Dan Suffoletto, spokesman for Public Health - Dayton & Montgomery County, said Friday that he was unsure whether the health district has pursued any court orders to enforce quarantine in the 16-month COVID response. He said he did not think that issue had come up at a school.
Suffoletto said they have not yet issued any new COVID safety guidance to schools.
The first set of K-12 schools to start back begin classes Aug. 9-12. Schools could require different rules for vaccinated and unvaccinated students until HB 244 goes into effect in October. No area schools have indicated they plan to do so.
Local schools said one big obstacle to overcome last year was students frequently bouncing in and out of quarantine, missing classes and falling behind in their work.
That lessened somewhat after the state said students who were masked and in class when the exposure happened no longer had to quarantine. But if local schools don’t require masks this fall, that could lead the number of quarantine requirements to surge again.
Troy City Schools is among the districts that have already said they plan to have unvaccinated students quarantine if they have close contact with a COVID case while unmasked. Superintendent Chris Piper said that’s the only situation where students would be asked about COVID vaccination status.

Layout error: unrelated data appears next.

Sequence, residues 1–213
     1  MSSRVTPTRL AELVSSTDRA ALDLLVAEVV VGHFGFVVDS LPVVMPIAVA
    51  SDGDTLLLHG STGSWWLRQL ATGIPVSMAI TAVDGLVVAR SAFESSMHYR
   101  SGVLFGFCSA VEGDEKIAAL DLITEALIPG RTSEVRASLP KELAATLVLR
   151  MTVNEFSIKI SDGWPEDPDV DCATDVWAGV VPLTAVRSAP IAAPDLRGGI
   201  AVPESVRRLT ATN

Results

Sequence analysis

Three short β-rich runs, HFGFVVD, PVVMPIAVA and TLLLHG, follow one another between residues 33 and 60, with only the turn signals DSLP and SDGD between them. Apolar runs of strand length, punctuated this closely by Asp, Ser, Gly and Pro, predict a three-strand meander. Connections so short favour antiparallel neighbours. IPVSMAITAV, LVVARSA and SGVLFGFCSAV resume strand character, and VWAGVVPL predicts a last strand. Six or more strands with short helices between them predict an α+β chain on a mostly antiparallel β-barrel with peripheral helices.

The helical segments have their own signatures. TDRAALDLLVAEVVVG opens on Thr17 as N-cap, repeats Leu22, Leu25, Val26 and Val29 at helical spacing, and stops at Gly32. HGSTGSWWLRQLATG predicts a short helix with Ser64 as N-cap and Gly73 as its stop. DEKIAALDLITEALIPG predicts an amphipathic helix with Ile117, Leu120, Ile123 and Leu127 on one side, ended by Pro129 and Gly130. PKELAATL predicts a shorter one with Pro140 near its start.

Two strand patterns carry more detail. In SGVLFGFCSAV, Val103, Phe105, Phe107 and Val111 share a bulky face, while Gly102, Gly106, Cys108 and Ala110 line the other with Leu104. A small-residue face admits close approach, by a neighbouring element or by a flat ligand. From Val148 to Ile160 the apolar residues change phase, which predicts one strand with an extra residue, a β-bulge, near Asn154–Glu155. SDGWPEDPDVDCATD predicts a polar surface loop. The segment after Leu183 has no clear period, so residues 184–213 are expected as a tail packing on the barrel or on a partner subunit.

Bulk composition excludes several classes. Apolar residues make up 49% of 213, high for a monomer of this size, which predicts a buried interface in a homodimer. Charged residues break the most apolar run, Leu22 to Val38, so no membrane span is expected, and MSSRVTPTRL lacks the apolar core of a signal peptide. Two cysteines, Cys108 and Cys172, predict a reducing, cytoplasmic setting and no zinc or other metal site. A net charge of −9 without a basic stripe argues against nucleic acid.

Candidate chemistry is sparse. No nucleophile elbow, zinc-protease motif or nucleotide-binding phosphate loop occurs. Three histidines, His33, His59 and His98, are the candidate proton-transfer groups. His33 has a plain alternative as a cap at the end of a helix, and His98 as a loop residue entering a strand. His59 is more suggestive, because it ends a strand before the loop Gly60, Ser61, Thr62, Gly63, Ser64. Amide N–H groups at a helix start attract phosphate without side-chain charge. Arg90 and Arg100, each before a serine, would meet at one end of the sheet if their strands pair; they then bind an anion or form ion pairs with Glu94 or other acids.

For years, families have submitted their students’ vaccination records to schools, but local schools have been hesitant to ask for COVID vaccination records, amid a charged political atmosphere.
Tierney emphasized two points about HB 244. First, the governor’s office hopes the law is moot, saying they expect the FDA to grant the COVID vaccines full approval before the law would take effect in mid-October.
Multiple news agencies reported Friday that the FDA had granted a “priority review” of the Pfizer vaccine. The target date for an FDA decision was listed anywhere from “two months” to “soon” to “January.”
Tierney also reminded the public that HB 244 does not prevent schools from mandating masks and social distancing. The law just means it has to be a one-size-fits-all approach — rather than holding vaccinated and unvaccinated students to different standards.
Tierney called the COVID-19 vaccines “very safe and very effective.”
“Certainly, a business or (school) would have the opportunity to choose, make everybody mitigate by wearing a mask and social distancing if that’s their choice,” Tierney said. “Those choices are up to each entity.”